Traditional Chinese Simplified Chinese Email this article
LCQ13: Fine suspended particulates

     Following is a question by the Hon Audrey Eu and a written reply by the Secretary for the Environment, Mr Edward Yau, in the Legislative Council today (January 11):


     The World Health Organisation (WHO) and many academic studies have pointed out that fine suspended particulates (i.e. particulates of a size smaller than an aerodynamic diameter of 2.5 microns) (PM2.5) have greater impact on the health of a person than respirable suspended particulates (i.e. particulates of a size smaller than an aerodynamic diameter of 10 microns).  The existing Air Quality Objectives (AQOs) in Hong Kong has not included PM2.5 as a pollutant that requires to be measured, and an indicator of the concentration of PM2.5 in the air has not been formulated.  In this connection, will the Government inform this Council:

(a) whether the Government has measured the concentration of PM2.5; if it has, of the details; whether this has been released to the public; if this has not been released, of the reasons for that; if it has not measured the concentration, of the reasons for that;

(b) whether the Government has any plan to formulate an indicator of the concentration of PM2.5; if it has, of the details; if not, the reasons for that; and

(c) when the Government will update the AQOs which have been in use for nearly 25 years?



(a) To understand the situation of fine suspended particulates (PM2.5) in Hong Kong, the Environmental Protection Department (EPD) has started monitoring the pollutant in 1999 at three of the general air monitoring stations at Tap Mun, Tung Chung and Tsuen Wan together with the Central roadside station.  The Yuen Long general station was later added in 2005.  We have also released the relevant monitoring results to external parties.  In addition, by the end of last year, we have completed the installation of PM2.5 samplers in all 14 monitoring stations in Hong Kong.  We are now testing the samplers and expect that they will be in full operation in the first quarter of this year.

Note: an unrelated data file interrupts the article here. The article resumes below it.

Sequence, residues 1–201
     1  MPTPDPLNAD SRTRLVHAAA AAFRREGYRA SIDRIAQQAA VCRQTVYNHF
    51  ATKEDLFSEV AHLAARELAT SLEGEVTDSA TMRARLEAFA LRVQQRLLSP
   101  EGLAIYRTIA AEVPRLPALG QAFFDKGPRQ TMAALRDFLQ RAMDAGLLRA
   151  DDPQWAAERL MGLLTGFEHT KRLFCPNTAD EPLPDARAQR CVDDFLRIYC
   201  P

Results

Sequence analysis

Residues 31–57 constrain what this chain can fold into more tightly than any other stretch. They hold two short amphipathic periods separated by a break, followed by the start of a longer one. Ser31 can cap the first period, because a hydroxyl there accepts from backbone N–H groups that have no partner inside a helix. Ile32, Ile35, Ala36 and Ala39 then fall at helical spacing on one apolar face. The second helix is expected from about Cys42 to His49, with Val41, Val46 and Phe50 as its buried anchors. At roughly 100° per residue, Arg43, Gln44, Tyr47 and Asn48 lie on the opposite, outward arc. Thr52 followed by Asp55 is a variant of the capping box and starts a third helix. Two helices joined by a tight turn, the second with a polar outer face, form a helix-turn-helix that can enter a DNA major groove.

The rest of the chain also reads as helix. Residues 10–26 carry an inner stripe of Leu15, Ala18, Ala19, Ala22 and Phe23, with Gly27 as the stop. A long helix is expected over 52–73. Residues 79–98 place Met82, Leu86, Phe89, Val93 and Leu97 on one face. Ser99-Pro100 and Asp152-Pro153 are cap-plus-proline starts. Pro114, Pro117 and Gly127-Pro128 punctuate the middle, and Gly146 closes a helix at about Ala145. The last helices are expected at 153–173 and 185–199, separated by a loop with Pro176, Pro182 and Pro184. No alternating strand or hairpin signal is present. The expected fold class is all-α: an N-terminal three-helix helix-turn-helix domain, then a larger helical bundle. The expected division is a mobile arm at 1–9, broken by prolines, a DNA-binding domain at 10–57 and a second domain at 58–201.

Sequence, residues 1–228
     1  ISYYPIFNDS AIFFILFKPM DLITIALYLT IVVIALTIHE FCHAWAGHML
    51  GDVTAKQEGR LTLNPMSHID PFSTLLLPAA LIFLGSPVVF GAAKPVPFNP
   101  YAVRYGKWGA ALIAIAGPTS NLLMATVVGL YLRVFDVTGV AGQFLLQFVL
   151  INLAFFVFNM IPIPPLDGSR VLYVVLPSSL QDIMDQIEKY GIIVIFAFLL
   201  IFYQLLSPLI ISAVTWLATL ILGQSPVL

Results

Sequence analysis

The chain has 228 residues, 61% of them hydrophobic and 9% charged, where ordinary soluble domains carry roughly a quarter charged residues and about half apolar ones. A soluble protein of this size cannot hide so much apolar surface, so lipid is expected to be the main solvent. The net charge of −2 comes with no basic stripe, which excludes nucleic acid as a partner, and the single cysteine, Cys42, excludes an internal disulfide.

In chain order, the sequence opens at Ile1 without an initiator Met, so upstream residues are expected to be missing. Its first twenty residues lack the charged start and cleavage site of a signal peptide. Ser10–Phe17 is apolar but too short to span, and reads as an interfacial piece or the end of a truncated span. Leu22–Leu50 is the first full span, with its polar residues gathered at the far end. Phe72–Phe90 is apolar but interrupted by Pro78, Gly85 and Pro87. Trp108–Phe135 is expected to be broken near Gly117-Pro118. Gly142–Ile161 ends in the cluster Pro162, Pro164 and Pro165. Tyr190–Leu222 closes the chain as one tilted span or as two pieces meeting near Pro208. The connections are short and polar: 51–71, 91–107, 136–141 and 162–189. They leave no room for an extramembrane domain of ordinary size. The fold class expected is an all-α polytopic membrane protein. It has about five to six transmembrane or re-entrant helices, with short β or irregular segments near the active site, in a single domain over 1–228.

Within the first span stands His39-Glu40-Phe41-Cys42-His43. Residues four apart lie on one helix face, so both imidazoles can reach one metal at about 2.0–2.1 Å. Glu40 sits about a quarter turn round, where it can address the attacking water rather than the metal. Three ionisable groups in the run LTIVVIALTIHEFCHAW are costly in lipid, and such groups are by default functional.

(b) The Government has proposed in the public consultation document on Air Quality Objectives Review to introduce a set of new objectives for PM2.5. After taken into consideration the WHO guidelines and the unique situation of Hong Kong under which particulates concentrations are strongly influenced by regional factors, we propose that Hong Kong should, as a start, adopt WHO's Interim Target-1 for PM2.5 annual and 24-hour standards, i.e. 35 ug/m³ and 75 ug/m³ respectively, as the PM2.5 objectives.

(c) Updating of AQOs is not so much about changing the limit values as implementing a series of related improvement measures so as to attain the ultimate goal of air quality improvement.  The Government is endeavoured to implement air quality improvement measures that are generally supported by the community, including tightening from 2015 onwards the emission caps on the power sector by 34% to 50% as compared to those for 2010; subsidising the early replacement of Euro II diesel commercial vehicles; carrying out with franchised bus companies a trial of retrofitting on Euro II and III buses with Selective Catalytic Reduction devices; funding franchised bus companies to try out hybrid buses and electric buses; setting up a $300 million pilot Green Transport Fund; introducing legislation to promote energy efficiency for electrical appliances and buildings; setting up the Kai Tak district cooling system, etc.  On the other hand, some improvement measures, such as changing the fuel mix for power generation, rationalisation of bus routes, etc., which involve complex issues and have far-reaching implications, would require detailed study and comprehensive planning.  The Government is now working on the final proposal to update the AQOs for submission to the Legislative Council for deliberation as soon as possible.

Ends/Wednesday, January 11, 2012
Issued at HKT 12:40


Print this page